Sunday, March 26, 2006
A panel of experts convened by the American Association for the Advancement of Science (AAAS) has confirmed the health benefits of seafood.
In fact, a recommendation has emerged to eat seafood not just the usually suggested two to three times a week but instead four to seven times a week.
"The best science coming out over the last two years has overwhelmingly been in favour of the benefits of seafood consumption," said panel chair Professor Michael T. Morrissey, from Oregon State University's Department of Food Science & Technology.
“The evidence still suggests that seafood plays a role in reducing coronary heart disease – and new studies suggest that it may reduce the onset of Alzheimer's as well as other mental illnesses,” Dr Morrissey said.
The full story can be read at this source link
Wednesday, March 22, 2006
(Telegraph Staff Writer), said that people are flocking to seafood.
Some of this new demand appears to be driven by the media on mad cow and bird flu. However Duncan also said that more Americans are seeking healthy meals, which sometimes lead their appetites to fish, shrimp and mollusks.
"Each year the demand for seafood grows, and as the population grows, it's predicted that we won't be able to meet seafood needs," Duncan said. "We're going to have to depend on a way to meet our seafood needs in the future."
Further into the article Ducan said "Fishing techniques are so efficient these days that entire stocks of fish have been wiped out, and aren't coming back because the adult fish are taken and can't reproduce".
The same article also talks about Sandy Miller who switched his work and his lifestyle from an information technology consultant to a full-time catfish farmer in Jenkins County.
"My friends say I am a country boy wannabe, so I must admit that it's been a transition," said Miller, a 52-year-old who moved from Atlanta.
The news article titled:
High tide for seafood
Aquaculture going swimmingly in rural Georgia
Can be found at This Link
An interesting read!
Tuesday, March 21, 2006
American Heart Association Scientific Sessions late-breaking news:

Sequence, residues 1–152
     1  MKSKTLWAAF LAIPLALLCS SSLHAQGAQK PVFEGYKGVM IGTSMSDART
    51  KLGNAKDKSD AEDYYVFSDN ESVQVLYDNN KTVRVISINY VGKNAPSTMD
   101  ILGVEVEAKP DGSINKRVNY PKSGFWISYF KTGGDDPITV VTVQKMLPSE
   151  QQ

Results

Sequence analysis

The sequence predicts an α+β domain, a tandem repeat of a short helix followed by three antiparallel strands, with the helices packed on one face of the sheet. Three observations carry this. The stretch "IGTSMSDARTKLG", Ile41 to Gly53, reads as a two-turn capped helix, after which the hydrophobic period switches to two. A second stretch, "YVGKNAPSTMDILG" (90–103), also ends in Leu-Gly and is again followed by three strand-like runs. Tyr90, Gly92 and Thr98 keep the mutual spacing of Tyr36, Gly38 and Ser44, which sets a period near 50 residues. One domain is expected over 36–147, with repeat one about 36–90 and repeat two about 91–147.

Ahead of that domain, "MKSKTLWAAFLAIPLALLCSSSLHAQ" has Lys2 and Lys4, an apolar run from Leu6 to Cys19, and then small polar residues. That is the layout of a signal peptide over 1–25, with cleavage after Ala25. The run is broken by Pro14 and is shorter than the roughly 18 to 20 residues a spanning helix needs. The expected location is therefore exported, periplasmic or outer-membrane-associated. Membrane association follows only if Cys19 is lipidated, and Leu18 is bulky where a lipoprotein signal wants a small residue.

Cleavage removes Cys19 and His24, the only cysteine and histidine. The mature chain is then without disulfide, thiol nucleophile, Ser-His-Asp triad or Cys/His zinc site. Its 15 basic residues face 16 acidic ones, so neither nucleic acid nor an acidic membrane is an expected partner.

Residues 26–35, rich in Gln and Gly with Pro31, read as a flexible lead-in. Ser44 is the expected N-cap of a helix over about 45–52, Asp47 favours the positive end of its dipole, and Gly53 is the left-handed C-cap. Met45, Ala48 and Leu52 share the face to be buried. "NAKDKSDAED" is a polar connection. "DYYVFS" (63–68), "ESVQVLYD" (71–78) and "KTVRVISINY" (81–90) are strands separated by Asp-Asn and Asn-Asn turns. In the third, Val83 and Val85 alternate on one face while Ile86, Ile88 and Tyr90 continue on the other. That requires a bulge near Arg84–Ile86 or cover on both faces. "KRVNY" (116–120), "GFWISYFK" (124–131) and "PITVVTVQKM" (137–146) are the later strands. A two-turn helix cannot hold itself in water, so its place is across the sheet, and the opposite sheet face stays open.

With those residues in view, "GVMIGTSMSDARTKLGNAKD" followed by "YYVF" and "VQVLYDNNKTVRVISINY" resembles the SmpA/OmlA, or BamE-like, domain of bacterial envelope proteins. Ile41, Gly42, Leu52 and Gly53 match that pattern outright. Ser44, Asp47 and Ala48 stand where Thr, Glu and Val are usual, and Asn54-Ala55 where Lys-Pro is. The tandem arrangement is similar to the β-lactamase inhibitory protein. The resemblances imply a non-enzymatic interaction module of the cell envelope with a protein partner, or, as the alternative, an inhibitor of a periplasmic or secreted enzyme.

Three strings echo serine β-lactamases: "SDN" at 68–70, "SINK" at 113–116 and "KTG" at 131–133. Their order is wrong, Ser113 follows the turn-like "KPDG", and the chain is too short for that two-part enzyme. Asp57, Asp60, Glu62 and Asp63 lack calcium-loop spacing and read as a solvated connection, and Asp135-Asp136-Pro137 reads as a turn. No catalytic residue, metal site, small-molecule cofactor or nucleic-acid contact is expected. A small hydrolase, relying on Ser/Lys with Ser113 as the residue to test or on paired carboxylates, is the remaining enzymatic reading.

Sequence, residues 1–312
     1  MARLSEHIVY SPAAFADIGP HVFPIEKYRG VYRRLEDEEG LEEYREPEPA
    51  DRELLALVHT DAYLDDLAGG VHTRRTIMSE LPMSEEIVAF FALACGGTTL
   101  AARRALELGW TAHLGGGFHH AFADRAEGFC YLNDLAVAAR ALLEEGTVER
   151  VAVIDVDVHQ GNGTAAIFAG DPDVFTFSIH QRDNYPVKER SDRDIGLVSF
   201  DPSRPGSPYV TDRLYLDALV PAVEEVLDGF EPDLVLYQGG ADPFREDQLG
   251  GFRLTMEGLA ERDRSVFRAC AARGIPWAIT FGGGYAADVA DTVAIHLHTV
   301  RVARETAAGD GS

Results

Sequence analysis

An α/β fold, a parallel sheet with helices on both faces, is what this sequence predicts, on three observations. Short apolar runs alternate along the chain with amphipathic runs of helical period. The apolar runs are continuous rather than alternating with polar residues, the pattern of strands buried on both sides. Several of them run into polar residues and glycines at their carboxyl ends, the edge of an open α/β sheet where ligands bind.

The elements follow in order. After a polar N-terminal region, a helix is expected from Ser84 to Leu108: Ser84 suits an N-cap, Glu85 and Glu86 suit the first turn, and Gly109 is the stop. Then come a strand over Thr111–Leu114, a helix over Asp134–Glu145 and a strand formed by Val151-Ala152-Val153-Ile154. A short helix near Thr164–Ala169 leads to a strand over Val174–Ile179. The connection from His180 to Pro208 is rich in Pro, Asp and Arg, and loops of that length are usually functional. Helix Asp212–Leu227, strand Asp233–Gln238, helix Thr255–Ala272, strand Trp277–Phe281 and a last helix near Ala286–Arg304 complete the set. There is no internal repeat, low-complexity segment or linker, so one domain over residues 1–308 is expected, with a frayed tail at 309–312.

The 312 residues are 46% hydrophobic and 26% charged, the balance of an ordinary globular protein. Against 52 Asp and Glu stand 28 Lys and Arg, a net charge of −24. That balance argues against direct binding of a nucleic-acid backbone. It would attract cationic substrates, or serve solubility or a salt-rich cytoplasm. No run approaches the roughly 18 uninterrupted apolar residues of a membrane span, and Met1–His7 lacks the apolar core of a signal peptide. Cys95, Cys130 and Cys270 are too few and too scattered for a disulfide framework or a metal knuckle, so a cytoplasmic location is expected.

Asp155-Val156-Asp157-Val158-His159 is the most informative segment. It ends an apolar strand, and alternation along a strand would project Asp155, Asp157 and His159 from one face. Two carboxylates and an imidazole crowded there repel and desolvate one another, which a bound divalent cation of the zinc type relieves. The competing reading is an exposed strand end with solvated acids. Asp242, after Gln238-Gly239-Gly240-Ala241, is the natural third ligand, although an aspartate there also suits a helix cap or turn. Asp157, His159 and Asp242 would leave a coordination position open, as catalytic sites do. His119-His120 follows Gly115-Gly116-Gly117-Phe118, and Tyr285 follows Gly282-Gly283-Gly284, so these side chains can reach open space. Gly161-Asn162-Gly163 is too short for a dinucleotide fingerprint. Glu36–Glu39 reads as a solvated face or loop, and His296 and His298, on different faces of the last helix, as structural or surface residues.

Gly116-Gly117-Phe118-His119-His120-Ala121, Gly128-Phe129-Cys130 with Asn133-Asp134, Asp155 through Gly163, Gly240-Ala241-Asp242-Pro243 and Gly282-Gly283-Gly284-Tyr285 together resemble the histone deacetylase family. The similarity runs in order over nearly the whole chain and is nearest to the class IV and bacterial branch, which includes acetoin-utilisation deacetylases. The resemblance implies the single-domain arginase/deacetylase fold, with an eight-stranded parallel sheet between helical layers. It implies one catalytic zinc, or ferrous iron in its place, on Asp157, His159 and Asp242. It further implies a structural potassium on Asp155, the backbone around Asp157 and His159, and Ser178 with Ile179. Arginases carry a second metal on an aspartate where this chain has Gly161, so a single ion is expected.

DALLAS, Nov. 14 – Cholesterol-lowering drugs, combined with a fatty acid found in fish, packs a one-two punch against heart attack, angina and other coronary events, according to a study presented at a late-breaking clinical trials session at the American Heart Association’s Scientific Sessions 2005.
“These results appear to justify the use of fish oil/omega-3 fatty acids since they can add to the beneficial effects of statins,” said lead author Mitsuhiro Yokoyama, M.D., Ph.D., chief of the division of cardiovascular and respiratory medicine at Kobe University Graduate School of Medicine in Kobe, Japan.
He presented the results of Effects of Eicosapentaenoic Acid (EPA) on Major Cardiovascular Events in Hypercholesterolemic Patients: The Japan EPA Lipid Intervention Study (JELIS). It’s the first large-scale, prospective, randomized trial that combines statins and omega-3 fatty acid therapy. EPA is one of the major omega-3 fatty acids in fish.
Read Full story Here
Tuesday, March 07, 2006
While I was growing up we had fish – lots of fish. We fished for a living. There were 12 kids in my family along with Mom and Dad and an uncle that lived with us.
Being from a rural and traditional Newfoundland community “we had a doors open policy”, meaning that we also had many “a” neighbour drop in to visit and stay for a “Bite to Eat”. Believe me, there was many an opportunity to eat!
Yes! We ate fish of many different kinds, there was Codfish, Salmon, Herring, Mackerel, Turbot, and Trout, to name a few, on our plates any given day.